It would mean that almost any level of incompetence on the part of the Baby-Chancellor could be wiped out at a stroke. It meant that he could rampage through our country, indiscriminately making sick people and poor people and elderly people hurt, then, with the wave of an old magic wand, left behind by Gordon Brown, he could give vast tax breaks to Tory voters just in time for the election.
Are we that naive? Oh hell yes.
Are we that shallow? Well, I don't like to say it......
When the banks failed, there is one act, that no-one - surely not even the most arch-Tory - could deny was a master-stroke. Of course George Osborne opposed it - he opposed just about everything that worked. But Gordon pulled off a coup so canny, so well timed, that in Monopoly terms, it was the equivalent of building a hotel on Mayfair.
He bought 41% of Lloyds TSB at an all time low share price (ave) of 74p per share. It cost us, the UK public, £37 Billion. Shares which at their peak pre-credit-crunch price had been trading at over £2.60 per share.
He bought 84% of RBS shares at an average price of 50.2p per share. It cost us, the UK public, £45.5 Billion. Shares which at their peak pre-credit crunch price had been trading at over £6 per share.
If anyone, in the history of the stock market ever made a better trade, I'd like him or her to step forward.
Today, Bloomberg report that :
"A sale of the British taxpayer’s 65.8 billion-pound ($107 billion) stake in Lloyds Banking Group Plc (LLOY) and Royal Bank of Scotland Group Plc (RBS) is likely to start next year, creating a one-time budget windfall before the next election, according to four people familiar with the talks."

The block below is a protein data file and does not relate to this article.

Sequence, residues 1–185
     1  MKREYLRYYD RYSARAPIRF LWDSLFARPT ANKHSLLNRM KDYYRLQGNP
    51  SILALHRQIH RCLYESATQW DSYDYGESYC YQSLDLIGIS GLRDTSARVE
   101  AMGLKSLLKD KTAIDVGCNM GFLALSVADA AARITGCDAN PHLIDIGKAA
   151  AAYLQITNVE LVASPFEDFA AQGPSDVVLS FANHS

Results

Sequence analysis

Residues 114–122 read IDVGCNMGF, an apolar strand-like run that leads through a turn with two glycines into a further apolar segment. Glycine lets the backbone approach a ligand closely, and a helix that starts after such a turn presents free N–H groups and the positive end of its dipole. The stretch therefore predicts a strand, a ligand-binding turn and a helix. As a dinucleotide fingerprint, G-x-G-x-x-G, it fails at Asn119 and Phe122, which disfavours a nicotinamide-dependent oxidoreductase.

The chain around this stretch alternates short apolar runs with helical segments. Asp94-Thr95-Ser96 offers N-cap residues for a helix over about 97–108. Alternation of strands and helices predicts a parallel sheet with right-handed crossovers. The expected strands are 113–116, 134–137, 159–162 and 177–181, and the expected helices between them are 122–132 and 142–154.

“That level of windfall would open the way for tax cuts in the run up to the next election,” said Mark Wickham-Jones, professor of politics at Bristol University. “That could be a remarkable opportunity for the coalition.”
It almost doesn't even matter if these shares make a profit any more. The money is long spent, and no-one will say too much if billions flood into the treasury, even if they aren't quite the billions we already spent.
Doesn't it make you want to vomit into your cornflakes?
So between now and the next election in 2015, I will occasionally devote this little corner of the internet to reminding everyone that this was our money. It added to our debt. And every last penny of profit these shares make was Gordon Brown's legacy.
Politics is a dirty game and I don't doubt for one second that if the tables were turned, Labour would capitalise on a huge heap of free cash too, but none of us should forget that Gideon thought we should let these banks fail. Had he been in charge, there would only have been loss - no profit.
I imagine that in a flurry of smugness, just before the May election, the Baby-Chancellor will cut the top rate of tax from 50% to 40%, possibly cut inheritance tax and maybe garnish with a marriage tax break. With some of Gordon's banking billions, he'll throw us a few hospital crumbs or a few billion here and there to stick a plaster over the huge devastation he's otherwise caused.
Oh how we'll cheer! Oh how glad we'll be that finally, Osborne's plans have paid off and we can spend, spend, spend again.
But they won't be Osborne's plans, they'll be Gordon's. Yet again, Gordon Brown will be saving the UK economy, but this time it will be from greedy, arrogant Tories rather than greedy, arrogant bankers.